The Department of African Languages and Literature is asking for paper submissions for their Graduate Student Seminar, “Mobility, Narrative, and Language.”
The Graduate Student Conference will provide an academic opportunity for new discussions of mobility, narrative, and African languages, and the possible avenues through which we might theorize the relationship between mobility and narrative on the one hand and, on the other, expertise that mobility has brought into the study of African languages.
Pre-colonial Africa has a rich history of movement of both people and goods within and outside cultural boundaries and geographical borders. As a multilingual, multicultural and polytheistic continent, cross-cultural relations and alliances have always been formed through travel and migration. The transatlantic slave trade further expanded African mobility beyond African shores to, and within, the new world and Europe. And over the last 500 years, millions of Africans either moved out of the continent or into the continent for various reasons. African mobility, circum-Atlantic or otherwise, therefore shapes African scholarship and literature, which in turn has fueled imaginations of movement for a host of international thinkers. The richness and variety of African textual accounts of mobility corresponds to the plurality of traditions, geographies, languages, values and identities that make the African continent an open space of intercultural exchange. However, there remains room for further examination of this corpus of texts from an interdisciplinary framework. The conference thus aims to focus particular attention on the influence, nature, and development of migration culture, its literary presentation and tradition, as well as issues of multiculturalism and the relationship between language and verbal, literary, and plastic arts concerned with migratory identity.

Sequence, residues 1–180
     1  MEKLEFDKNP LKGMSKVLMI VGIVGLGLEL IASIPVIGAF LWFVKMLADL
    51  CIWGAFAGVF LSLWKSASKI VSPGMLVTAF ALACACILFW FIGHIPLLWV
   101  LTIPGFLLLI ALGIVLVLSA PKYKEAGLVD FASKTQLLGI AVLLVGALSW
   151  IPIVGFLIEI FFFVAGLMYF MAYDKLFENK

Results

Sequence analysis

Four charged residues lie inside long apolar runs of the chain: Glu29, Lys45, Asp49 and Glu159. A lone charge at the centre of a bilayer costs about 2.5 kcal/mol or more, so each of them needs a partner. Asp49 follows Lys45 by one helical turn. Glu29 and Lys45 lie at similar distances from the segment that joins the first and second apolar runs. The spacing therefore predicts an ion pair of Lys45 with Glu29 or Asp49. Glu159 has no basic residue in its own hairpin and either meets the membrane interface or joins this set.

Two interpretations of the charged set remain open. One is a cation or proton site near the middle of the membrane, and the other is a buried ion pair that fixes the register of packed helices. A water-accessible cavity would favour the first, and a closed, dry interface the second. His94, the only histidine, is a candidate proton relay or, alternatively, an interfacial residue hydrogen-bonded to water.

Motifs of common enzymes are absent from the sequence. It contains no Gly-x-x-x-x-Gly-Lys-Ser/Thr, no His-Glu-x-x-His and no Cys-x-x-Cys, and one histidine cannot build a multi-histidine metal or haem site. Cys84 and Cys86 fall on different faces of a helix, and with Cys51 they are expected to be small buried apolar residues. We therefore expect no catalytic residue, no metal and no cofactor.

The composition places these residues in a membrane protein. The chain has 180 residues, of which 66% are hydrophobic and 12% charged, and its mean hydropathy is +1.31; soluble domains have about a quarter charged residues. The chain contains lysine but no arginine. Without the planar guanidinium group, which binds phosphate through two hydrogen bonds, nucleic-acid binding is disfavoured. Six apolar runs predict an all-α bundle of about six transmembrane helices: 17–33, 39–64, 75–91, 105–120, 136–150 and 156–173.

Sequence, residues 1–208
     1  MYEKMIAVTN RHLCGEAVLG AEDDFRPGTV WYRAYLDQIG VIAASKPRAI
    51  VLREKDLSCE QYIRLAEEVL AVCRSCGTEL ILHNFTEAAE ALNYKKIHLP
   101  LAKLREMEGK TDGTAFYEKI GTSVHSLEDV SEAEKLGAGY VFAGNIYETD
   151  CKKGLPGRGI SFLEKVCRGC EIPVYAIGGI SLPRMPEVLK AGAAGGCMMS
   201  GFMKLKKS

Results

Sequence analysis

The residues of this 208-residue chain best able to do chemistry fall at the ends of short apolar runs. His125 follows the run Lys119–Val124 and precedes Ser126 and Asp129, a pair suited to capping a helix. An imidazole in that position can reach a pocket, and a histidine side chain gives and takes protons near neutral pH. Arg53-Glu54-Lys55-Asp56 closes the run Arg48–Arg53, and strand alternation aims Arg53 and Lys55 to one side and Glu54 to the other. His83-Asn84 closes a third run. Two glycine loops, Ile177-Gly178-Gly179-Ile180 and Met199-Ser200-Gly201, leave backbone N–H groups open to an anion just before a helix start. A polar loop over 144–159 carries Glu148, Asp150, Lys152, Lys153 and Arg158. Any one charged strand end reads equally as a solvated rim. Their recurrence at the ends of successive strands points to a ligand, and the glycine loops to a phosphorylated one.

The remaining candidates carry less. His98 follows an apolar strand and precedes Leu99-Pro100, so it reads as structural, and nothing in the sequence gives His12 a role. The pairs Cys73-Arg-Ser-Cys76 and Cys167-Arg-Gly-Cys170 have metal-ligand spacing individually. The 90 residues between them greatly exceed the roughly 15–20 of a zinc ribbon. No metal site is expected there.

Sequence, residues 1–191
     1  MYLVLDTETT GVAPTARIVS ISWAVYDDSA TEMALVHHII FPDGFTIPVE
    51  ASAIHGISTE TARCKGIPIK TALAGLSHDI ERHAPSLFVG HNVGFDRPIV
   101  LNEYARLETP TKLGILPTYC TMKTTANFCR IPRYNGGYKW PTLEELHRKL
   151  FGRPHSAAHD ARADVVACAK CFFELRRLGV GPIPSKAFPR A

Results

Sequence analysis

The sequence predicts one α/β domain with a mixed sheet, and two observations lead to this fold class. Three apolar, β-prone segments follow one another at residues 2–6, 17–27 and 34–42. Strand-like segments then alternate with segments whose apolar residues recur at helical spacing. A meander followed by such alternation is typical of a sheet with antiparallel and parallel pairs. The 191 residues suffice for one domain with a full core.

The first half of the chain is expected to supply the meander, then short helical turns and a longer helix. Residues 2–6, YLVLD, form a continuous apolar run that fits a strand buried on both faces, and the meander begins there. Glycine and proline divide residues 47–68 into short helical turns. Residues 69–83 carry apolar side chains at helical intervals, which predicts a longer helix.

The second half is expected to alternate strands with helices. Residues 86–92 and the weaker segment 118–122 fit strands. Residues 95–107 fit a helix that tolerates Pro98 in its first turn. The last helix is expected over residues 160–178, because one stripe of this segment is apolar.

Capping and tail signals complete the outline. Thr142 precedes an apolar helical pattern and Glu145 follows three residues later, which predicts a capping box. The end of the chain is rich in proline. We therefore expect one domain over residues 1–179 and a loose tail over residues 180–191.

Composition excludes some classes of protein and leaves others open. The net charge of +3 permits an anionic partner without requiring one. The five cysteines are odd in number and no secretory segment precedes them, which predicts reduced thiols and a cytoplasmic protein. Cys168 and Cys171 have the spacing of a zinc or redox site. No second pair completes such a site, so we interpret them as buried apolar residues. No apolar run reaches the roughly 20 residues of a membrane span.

The department seeks conference presentations that will address the following question(s): What are new trends that have emerged in the Africanist scholarship in relation to methods and practices that could be adopted, discarded, or vilified, and whether they offer accounts of Africa itself or portray other geographical or human contexts? What are new possibilities for economic stability, for social solidarity, or for political change that these far flung methods and practices help construct or imagine? Proposals will be accepted for presentations on literature, linguistics, African languages, cinema, and popular culture. Thematic areas may include, but are not limited to, the following:
• Identity and mobility
• Journeys to and from the African continent
• Genre and Travel Writing
• Encounters with the Other
• Diaspora Studies
• Popular Culture, and Music Industry
• Language Contacts in Africa
• Critical theories and linguistic analyses
• Transnational spaces, Migrant selves, deracination
• Spatial modes of seeing
• African Languages and Translation
• African Languages, Cinema and the Film Industry
• Theories of place and space
• African Languages, Mass Media and Communication
Presentations should be in English and should not exceed fifteen minutes. Please send your proposal of 250-300 words by email to firstname.lastname@example.org by August 10, 2014. Proposals should include your presentation title, name, contact information, and institutional/departmental affiliation.